October 2021

In spite of GOP objections, the US Senate has confirmed voting rights advocate Myrna Perez as a judge on the 2nd Circuit Court of Appeals, which is based in New York. Perez has served as the director of the voting rights and elections program at the Brennan Center for Justice at New York University School of Law. She was confirmed by a vote of 48-43.  Unlike the requirement for closing debate over legislation, closing debate over whether the Senate will confirm a nominee is

Moments after Republican Governor Greg Abbot signed off on the Texas Legislature's newly-drawn congressional districts, voting rights advocates filed a lawsuit against the electoral maps in a federal court. Voto Latino and other advocacy groups are partnering with former U.S. Attorney General Eric Holder, among others, to argue that the maps have been drawn not merely to advantage the Republican party, but to dilute the voting power of communities of color within the state. Texas was the only state to gain two additional congressional

A judiciary committee within Mississippi’s House has begun to take another look at the state’s policy of disenfranchising citizens convicted of certain felonies. Unlike any other state, it is Mississippi’s legislature (not its Governor) who generally decides, on a case-by-case basis, whether a convicted felon’s voting rights will be restored. The restoration of a single citizen’s voting rights in the legislature requires two-thirds supermajorities in its favor from both chambers. The Governor of Mississippi may also pardon a felon, but that has been very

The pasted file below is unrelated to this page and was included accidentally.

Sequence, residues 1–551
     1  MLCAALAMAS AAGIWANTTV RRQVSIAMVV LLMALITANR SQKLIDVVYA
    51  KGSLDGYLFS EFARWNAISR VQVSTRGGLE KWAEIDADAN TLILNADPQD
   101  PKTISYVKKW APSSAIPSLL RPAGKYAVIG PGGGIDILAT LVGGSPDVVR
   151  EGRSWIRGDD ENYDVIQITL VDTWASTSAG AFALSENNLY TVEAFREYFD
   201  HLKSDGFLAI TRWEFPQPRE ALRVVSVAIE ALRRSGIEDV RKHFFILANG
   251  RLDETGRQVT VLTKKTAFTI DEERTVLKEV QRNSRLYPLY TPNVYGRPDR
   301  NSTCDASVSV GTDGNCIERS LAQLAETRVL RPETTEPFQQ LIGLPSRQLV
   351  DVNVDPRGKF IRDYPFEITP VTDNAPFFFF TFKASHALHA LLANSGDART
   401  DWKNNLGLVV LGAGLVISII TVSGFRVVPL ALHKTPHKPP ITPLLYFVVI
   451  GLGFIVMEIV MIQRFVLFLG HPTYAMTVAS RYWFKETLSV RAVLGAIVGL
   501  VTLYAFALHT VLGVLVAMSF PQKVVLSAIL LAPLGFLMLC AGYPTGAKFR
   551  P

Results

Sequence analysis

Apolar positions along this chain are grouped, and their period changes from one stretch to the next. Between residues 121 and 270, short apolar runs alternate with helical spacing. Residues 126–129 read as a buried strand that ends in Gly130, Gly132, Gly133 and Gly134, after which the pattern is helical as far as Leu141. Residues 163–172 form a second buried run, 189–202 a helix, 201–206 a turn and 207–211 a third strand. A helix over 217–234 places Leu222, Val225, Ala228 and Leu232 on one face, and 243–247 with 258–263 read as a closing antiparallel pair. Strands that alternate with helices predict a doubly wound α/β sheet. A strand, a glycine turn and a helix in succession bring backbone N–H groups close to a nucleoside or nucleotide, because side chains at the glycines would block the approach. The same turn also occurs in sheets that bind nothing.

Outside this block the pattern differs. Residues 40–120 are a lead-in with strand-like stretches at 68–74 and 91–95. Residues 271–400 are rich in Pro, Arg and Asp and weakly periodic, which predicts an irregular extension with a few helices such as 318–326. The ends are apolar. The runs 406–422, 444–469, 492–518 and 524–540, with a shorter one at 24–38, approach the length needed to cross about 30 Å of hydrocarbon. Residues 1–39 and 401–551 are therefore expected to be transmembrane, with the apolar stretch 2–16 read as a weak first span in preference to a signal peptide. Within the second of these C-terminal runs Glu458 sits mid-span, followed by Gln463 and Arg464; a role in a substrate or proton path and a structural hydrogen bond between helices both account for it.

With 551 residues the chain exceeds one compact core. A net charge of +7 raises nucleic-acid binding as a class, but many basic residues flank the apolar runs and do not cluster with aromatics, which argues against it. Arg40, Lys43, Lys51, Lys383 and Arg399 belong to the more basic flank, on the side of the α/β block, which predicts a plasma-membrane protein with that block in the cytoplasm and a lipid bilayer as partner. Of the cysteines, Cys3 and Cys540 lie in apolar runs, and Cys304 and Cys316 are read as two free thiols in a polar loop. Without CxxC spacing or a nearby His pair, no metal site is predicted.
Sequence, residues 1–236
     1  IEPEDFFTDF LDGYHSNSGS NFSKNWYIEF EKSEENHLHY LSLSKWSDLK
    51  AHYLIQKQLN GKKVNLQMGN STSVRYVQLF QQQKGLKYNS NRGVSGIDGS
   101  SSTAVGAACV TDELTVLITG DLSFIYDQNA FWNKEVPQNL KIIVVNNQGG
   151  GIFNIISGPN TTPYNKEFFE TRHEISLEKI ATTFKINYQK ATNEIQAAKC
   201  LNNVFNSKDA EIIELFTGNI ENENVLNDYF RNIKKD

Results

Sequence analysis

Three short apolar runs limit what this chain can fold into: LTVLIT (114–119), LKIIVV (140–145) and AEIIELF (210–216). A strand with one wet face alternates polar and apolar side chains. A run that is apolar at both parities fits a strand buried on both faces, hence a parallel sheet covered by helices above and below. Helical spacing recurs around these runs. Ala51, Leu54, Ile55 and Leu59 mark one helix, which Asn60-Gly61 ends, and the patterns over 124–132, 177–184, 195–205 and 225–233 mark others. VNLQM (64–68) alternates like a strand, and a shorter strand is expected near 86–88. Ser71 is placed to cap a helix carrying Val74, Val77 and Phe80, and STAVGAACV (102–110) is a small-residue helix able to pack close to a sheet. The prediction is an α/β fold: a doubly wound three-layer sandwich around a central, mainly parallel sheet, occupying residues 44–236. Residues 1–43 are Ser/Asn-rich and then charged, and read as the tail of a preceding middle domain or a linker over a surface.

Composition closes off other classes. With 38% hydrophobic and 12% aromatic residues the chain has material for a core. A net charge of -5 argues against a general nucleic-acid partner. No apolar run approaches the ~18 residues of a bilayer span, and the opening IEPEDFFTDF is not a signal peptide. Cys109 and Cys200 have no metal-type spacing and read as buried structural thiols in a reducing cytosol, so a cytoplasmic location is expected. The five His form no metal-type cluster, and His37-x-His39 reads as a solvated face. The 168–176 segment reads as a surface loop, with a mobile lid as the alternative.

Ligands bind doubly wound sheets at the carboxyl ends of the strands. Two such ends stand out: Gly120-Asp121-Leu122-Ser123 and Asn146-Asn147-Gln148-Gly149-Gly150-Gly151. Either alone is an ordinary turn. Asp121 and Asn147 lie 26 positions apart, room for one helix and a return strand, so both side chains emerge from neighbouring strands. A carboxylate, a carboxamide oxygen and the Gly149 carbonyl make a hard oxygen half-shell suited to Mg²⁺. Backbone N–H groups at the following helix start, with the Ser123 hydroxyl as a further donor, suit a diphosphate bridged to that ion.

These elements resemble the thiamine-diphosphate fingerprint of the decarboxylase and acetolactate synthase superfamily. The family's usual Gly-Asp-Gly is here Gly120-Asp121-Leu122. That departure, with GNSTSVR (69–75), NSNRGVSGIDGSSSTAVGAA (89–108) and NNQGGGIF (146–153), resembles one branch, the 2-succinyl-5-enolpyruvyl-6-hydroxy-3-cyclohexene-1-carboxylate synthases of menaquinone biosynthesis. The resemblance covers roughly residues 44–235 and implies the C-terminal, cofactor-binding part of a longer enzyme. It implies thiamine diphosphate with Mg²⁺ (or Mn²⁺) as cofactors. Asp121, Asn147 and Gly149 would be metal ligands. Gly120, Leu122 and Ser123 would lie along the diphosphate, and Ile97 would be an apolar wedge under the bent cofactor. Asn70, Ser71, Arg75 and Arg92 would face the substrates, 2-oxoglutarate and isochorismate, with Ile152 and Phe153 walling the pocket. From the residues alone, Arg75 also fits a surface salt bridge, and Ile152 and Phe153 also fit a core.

Jonathan Nez, President of the Navajo Nation, appeared before a Senate Judiciary subcommittee to advocate for The Native American Voting Rights Act. The bill contains a number of voter access and protection requirements for Native American reservations in the United States. Provisions in the bill include minimum requirements for early voting and mail-in ballots, as well as stronger limits on when polling places can be eliminated. Senator Ted Cruz expressed skepticism about the bill, saying it “would expand voter fraud rather than combat it.”    Visit

Donald Kirk Hartle has been charged with casting an illegal vote under the name of his deceased wife. Previously, Mr. Hartle had claimed to have discovered that someone else had voted under his departed wife’s name, and his case was touted by Republicans as an example of voter fraud in the 2020 election. However, Nevada prosecutors are now alleging that Hartle submitted the fraudulent vote himself. Nevada’s Attorney General Aaron Ford has said, “Voter fraud is rare, but when it happens it undercuts trust